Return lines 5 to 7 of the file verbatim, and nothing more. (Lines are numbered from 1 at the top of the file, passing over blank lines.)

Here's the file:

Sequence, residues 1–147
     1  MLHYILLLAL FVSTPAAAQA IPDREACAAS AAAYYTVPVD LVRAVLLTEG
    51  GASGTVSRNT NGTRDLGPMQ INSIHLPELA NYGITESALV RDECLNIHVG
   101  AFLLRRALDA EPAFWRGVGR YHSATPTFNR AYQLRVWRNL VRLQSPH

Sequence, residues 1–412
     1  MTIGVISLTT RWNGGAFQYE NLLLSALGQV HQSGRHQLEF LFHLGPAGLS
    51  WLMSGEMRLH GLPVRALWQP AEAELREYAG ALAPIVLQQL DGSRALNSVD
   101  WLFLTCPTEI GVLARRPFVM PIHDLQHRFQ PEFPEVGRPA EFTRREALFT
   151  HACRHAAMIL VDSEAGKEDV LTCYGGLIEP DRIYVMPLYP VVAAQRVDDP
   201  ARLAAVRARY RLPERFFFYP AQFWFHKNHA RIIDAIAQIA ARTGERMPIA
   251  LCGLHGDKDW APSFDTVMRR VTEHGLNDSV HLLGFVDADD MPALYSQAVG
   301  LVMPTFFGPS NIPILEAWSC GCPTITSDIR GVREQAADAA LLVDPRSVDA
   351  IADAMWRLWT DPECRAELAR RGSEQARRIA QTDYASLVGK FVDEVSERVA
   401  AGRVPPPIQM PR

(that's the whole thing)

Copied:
Sequence, residues 1–412
     1  MTIGVISLTT RWNGGAFQYE NLLLSALGQV HQSGRHQLEF LFHLGPAGLS
    51  WLMSGEMRLH GLPVRALWQP AEAELREYAG ALAPIVLQQL DGSRALNSVD